3. And which is better, German or U.S. labor law?
In answering this question, one must of course look at the respective point of view? Better for the employee, better for the employer, or better for the economy as a whole?
a) The employee’s point of view
Employees who are employed in a company and want to keep their job quite rightly appreciate the quite extensive German protection against dismissal. Not having to constantly fear losing one’s job for no reason is reassuring and, in our understanding, almost an indispensable part of human dignity. Understandably, an employee does not want to be exposed to the arbitrariness of his employer.
So this is a big plus for German protection against dismissal from the employee’s point of view.
b) Employer’s perspective
American employers, on the other hand, find it very difficult to see anything good in German protection against dismissal. After all, this is my company, why shouldn’t I be free to decide who I keep and who I don’t? This is how American employers sometimes express their lack of understanding of German labor law.
The employer wants the most effective team possible for his company. He wants the best employees he can have. From the point of view of an American employer, it is legitimate to replace a weaker employee with a better one and/or to be able to implement a staff reduction quickly and cost-effectively. Only in this way can a company achieve the best overall performance and be competitive in the long term.
So here is a plus for U.S. law in terms of business competitiveness.
c) Economic analysis
Let’s look at the whole thing from an economic point of view. I am not an economist, but certain considerations seem plausible and understandable to me.
The economic goal is to keep unemployment as low as possible. As many people as possible should have a job where they can effectively use their skills and earn a living.
Does that necessarily argue in favor of the broadest possible protection against dismissal? Yes and no. Of course, we don’t want the 55-year-old family man to be dismissed for no reason and then slide into unemployment.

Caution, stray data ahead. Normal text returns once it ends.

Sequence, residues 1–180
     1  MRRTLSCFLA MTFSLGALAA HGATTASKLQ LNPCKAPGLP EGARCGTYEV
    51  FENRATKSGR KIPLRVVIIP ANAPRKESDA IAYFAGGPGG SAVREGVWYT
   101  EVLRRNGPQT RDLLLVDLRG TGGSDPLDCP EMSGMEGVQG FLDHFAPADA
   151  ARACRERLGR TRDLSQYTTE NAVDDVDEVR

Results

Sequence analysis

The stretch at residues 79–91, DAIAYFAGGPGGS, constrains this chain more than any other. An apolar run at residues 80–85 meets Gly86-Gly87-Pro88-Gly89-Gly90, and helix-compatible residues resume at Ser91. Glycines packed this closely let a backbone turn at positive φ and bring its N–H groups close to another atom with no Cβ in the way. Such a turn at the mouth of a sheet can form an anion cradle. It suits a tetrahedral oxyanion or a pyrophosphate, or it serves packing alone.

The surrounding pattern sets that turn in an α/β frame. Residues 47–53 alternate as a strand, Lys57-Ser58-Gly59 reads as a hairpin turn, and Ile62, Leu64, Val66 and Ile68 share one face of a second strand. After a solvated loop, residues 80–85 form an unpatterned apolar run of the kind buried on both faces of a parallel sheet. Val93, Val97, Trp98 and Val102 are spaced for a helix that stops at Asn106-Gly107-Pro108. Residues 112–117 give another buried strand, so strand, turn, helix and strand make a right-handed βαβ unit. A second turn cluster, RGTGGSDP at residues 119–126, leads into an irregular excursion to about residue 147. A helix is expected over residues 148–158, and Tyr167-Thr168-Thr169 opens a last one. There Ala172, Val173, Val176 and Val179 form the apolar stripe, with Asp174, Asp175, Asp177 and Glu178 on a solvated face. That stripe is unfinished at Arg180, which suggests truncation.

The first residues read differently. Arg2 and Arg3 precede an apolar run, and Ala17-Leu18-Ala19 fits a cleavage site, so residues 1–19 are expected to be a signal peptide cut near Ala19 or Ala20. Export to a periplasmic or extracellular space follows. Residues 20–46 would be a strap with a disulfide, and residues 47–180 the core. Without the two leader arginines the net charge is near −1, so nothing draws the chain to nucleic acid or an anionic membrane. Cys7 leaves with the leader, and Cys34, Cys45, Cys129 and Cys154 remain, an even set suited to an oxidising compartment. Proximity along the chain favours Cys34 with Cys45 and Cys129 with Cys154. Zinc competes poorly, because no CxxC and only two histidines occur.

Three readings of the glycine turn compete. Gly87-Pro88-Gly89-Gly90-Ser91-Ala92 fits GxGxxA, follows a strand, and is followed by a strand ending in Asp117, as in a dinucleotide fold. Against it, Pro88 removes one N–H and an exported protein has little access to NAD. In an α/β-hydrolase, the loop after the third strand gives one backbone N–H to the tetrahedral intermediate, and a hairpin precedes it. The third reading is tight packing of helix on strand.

On the other hand, isn’t it also the case that it is difficult for the 55-year-old in Germany to find a new job precisely because the potential future employer fears the far-reaching protection against dismissal (which comes into effect after the end of the probationary period)? It is much easier for an employer to hire someone if he knows that he can part with the employee again if necessary without having to pay a high severance payment.
In my opinion, Germany also prefers to hire younger employees because they have weaker protection against dismissal than older employees in the case of dismissals for operational reasons due to social selection. So protection against dismissal can also be an obstacle to hiring for people who are currently unemployed. That’s fair to say, isn’t it?
Let’s look at the statistics: the unemployment rate in the U.S. is currently (Fall 2022) 3.7%. In Germany, it is 5.4%. According to the statistics, the U.S. economy created 261,000 new jobs in October 2022.
Of course, the numbers say nothing about the “quality” of employment, and everyone knows the saying: don’t trust any statistics except the ones you’ve fudged yourself.
The U.S. has a federal minimum wage of $7.25 per hour. In Germany, on the other hand, it has been 12 euros since October 2022.
4. Conclusion and convergence of two worlds
As a result, can we now say that German labor law is generally better than American labor law or vice versa? I’m afraid not. Both systems have advantages and disadvantages. Seems to me to be a question of perspective and weighting of values. In Germany, we regard employee protection from dismissal as an important social achievement to which we attach great weight. We live in a beautiful world. …
Ultimately, I believe that a certain degree of convergence can be observed since the special “prohibitions on termination” in U.S. labor law are increasingly extended. This is not yet general protection against termination, but it is at least a step in the direction of stronger protection against such dismissals that are to be disapproved of.
Conversely, in my estimation, the German labor courts no longer impose such stringent requirements on terminations for operational reasons as they did 20 years ago. If there are plenty of vacancies on the labor market, a German labor judge will sometimes ask the employee at the conciliation hearing whether it really makes sense to insist on continued employment or whether it would not actually be more sensible to take a (moderate) severance payment and look for something new.
The “land of cowboys and Indians with its Wild West methods” (USA) on the one hand and the “land of Marx and Engels, the spiritual fathers of socialism and communism” (Germany) on the other, thus come from completely different directions. But they are moving toward each other, and that is actually quite a good development. Don’t you think so?
Dr. Wolfgang Gottwald
Rechtsanwalt/Attorney at Law